• Provisional ballots cast at the wrong precinct on Election Day to no longer to be accepted
  • A ban on “money or gifts” (including food and drinks) for voters at a polling place or standing in line to vote
  • Replacing the Secretary of State as head of the state election board with a nonpartisan head appointed by the legislature

And other provisions.

Meanwhile, Georgia Senate passed on March 8 its own election reform bill that would require:

  • Ending no-excuse absentee voting
  • Voters to include ID photocopy or ID number with their mail-in ballot applications
  • Voters to include an ID photocopy or ID number with their mail-in ballots or the last 4 digits of their social security number
  • Early voting locations to be only at the board of registrars main office, a county courthouse, a government office, or an Election Day polling place
  • Non-government entities distributing absentee ballot applications to include their name and a disclaimer that the form was not supplied by the government
  • Mobile polling places to be allowed only if a judge permits them and there’s an emergency rendering a polling place unsafe for human occupation or there’s a utility outage
  • Precinct opening hours on Election Day to be only extended by a court order
  • Banning the Secretary of State and county election officials from mailing unsolicited absentee ballot applications (which officials did in some states using COVID-19 as a justification)
  • A ban on sending absentee ballot applications that are pre-filled, even partially
  • The elimination of signature comparison on absentee ballot applications (replaced by the ID requirement)
  • The counting of ballots to continue until it is complete. Currently, election superintendents can stop counting and resume later

And other measures.

Various smaller bills are making their way through the committees.

One would furnish absentee ballots with bar codes for tracking purposes. Another would nix automatic voter registration at the Department of Motor Vehicles. Voters would need to opt-in (such as by checking a box) to get registered.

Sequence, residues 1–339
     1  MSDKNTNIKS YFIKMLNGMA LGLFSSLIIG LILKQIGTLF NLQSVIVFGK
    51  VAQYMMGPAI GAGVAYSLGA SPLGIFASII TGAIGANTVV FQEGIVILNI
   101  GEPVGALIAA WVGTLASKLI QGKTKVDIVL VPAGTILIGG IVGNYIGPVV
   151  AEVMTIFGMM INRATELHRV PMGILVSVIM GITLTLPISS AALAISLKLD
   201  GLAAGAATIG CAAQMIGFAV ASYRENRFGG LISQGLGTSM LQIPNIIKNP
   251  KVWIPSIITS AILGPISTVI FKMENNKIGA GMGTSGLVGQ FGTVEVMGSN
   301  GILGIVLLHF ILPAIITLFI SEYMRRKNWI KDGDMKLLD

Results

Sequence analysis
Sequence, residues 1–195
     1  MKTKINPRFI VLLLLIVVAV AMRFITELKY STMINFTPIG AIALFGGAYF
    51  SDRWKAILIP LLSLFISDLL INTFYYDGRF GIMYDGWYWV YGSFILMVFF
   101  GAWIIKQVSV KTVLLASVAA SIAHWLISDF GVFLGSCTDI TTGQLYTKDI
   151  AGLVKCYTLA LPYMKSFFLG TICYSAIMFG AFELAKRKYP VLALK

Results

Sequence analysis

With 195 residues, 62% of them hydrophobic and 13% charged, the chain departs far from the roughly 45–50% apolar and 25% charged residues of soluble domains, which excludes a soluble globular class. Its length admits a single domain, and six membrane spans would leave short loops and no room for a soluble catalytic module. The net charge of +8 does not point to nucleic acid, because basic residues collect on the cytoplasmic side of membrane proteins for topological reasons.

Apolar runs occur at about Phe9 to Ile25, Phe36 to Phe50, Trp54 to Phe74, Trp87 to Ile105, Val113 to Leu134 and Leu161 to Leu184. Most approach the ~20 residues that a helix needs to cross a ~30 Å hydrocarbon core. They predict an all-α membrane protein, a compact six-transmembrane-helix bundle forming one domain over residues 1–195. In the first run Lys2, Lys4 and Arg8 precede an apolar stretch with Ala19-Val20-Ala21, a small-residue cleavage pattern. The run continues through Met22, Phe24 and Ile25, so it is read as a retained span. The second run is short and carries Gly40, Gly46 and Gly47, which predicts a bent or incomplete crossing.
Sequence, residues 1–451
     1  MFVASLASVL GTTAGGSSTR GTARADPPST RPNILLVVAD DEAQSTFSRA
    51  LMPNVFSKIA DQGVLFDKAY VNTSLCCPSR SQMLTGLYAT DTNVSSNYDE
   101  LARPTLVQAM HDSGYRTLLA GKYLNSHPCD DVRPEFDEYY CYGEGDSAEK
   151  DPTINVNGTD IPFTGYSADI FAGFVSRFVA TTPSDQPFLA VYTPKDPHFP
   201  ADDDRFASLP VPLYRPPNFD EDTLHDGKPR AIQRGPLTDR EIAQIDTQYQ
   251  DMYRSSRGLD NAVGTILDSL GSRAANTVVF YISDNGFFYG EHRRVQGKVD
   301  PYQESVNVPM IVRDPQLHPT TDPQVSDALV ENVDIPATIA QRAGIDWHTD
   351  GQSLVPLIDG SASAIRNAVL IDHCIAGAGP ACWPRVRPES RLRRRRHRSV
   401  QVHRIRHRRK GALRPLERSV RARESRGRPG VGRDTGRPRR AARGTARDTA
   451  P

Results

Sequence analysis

Yet another bill would expand poll watcher access so they could observe all the key processes at a tabulating center with minimal restrictions. The bill appears to be a response to complaints by numerous Republican poll watchers that they were kept so far from where the tabulation processes were happening as to render their observation meaningless.

One bill would require that after counting, absentee ballots be sorted and stored by precinct in sealed containers, with the chain of custody logged until legally disposed of. Ballot duplicates, which are made for damaged ballots, would get serial numbers and be kept with the original ballots at all times.

New Hampshire, Michigan, Pennsylvania, and Wisconsin

In the other states there seems to be much less activity.

The New Hampshire Senate passed a bill on March 4 that would require voters to include their ID number and the last four digits of their social security numbers with absentee ballot applications.

Michigan has a few smaller bills working their way through committees. One says that voters with “unknown dates of birth” should get notice to provide their real date of birth or get their status changed to “challenged,” which means they’d get removed from the rolls after missing two general elections and primaries. The notice, when returned, would get signature-matched to the voter records. Another bill would adopt a similar procedure to purge from the rolls people who haven’t voted since the 2000 general election.

Pennsylvania Republicans introduced several bills to remove dead or ineligible voters from the rolls as well as nix no-excuse mail-in voting. None of the bills, however, has made it out of a committee so far.

In Wisconsin, Republican State Sen. Kathy Bernier introduced on March 8 two bills that would make a number of small or technical changes to the election code.